US9460083B2 (en) 2012-12-27 2016-10-04 International Business Machines Corporation Interactive dashboard based on real-time sentiment analysis for synchronous communication
US9690775B2 (en) 2012-12-27 2017-06-27 International Business Machines Corporation Real-time sentiment analysis for synchronous communication
US9898575B2 (en) 2013-08-21 2018-02-20 Seven Bridges Genomics Inc. Methods and systems for aligning sequences
US9116866B2 (en) 2013-08-21 2015-08-25 Seven Bridges Genomics Inc. Methods and systems for detecting sequence variants
KR20160068953A (en) 2013-10-18 2016-06-15 세븐 브릿지스 지노믹스 인크. Methods and systems for identifying disease-induced mutations
US9063914B2 (en) 2013-10-21 2015-06-23 Seven Bridges Genomics Inc. Systems and methods for transcriptome analysis
US10027770B2 (en) * 2014-04-21 2018-07-17 International Business Machines Corporation Expected location-based access control
US20160048499A1 (en) * 2014-08-14 2016-02-18 International Business Machines Corporation Systematic tuning of text analytic annotators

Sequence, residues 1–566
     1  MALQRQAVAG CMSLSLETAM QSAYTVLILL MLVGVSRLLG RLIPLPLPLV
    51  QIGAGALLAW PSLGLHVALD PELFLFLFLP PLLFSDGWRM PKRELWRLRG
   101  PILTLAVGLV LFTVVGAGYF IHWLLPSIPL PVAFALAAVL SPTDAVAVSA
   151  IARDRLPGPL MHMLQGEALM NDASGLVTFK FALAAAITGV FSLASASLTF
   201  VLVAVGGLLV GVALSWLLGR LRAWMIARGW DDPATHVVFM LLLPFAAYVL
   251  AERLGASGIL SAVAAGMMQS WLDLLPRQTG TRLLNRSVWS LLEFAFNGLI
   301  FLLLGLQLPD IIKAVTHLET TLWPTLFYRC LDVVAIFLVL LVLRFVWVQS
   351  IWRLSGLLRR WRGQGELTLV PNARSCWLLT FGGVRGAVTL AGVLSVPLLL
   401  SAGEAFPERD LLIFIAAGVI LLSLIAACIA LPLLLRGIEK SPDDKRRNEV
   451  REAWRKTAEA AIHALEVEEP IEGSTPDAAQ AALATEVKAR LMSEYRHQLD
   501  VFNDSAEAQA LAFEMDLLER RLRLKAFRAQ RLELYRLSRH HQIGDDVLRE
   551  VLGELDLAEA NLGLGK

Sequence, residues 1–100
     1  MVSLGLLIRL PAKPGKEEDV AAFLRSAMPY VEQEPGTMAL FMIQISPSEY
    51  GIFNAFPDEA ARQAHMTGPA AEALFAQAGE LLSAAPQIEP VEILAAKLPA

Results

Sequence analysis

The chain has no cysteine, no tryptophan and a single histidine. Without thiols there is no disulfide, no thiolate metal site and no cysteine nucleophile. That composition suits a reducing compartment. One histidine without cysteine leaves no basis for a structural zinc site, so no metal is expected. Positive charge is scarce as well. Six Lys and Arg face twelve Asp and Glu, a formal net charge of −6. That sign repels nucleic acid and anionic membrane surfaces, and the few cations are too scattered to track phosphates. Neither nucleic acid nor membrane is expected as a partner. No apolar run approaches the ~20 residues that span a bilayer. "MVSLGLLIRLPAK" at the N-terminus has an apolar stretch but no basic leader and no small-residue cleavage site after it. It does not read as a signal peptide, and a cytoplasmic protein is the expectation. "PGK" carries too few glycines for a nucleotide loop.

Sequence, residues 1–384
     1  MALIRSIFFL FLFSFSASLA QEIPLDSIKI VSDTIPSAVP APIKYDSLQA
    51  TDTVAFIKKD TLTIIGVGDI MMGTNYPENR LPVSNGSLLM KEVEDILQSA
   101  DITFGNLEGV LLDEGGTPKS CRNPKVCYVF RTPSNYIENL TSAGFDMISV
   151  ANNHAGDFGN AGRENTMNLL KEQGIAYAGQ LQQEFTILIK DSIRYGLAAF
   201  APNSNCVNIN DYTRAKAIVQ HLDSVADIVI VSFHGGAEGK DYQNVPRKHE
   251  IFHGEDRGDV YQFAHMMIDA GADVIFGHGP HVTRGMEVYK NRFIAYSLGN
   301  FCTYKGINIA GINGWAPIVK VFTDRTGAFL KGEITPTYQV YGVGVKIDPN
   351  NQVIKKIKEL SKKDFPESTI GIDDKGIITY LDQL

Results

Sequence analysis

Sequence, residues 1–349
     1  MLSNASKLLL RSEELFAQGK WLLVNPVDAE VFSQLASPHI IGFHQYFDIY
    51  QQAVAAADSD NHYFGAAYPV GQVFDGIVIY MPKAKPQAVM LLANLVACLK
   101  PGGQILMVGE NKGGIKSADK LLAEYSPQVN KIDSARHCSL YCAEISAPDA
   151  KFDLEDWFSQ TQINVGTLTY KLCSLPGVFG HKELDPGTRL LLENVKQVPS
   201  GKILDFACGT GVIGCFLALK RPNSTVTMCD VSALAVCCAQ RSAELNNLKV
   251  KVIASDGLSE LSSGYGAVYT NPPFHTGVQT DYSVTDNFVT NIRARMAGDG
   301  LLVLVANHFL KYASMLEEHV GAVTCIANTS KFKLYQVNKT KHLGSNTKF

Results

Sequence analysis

WO2016141294A1 (en) * 2015-03-05 2016-09-09 Seven Bridges Genomics Inc. Systems and methods for genomic pattern analysis

Citations (17)

* Cited by examiner, † Cited by third party
Publication number Priority date Publication date Assignee Title
US20020168664A1 (en) * 1999-07-30 2002-11-14 Joseph Murray Automated pathway recognition system
US6553385B2 (en) 1998-09-01 2003-04-22 International Business Machines Corporation Architecture of a framework for information extraction from natural language documents
JP2004030093A (en) 2002-06-25 2004-01-29 Hitachi Ltd Method for analyzing gene expression data
US20040243556A1 (en) 2003-05-30 2004-12-02 International Business Machines Corporation System, method and computer program product for performing unstructured information management and automatic text analysis, and including a document common analysis system (CAS)
US20040243645A1 (en) * 2003-05-30 2004-12-02 International Business Machines Corporation System, method and computer program product for performing unstructured information management and automatic text analysis, and providing multiple document views derived from different document tokenizations
US20070054277A1 (en) * 2001-01-19 2007-03-08 Egea Biosciences, Inc. Computer-directed assembly of a polynucleotide encoding a target polypeptide
US7428554B1 (en) 2000-05-23 2008-09-23 Ocimum Biosolutions, Inc. System and method for determining matching patterns within gene expression data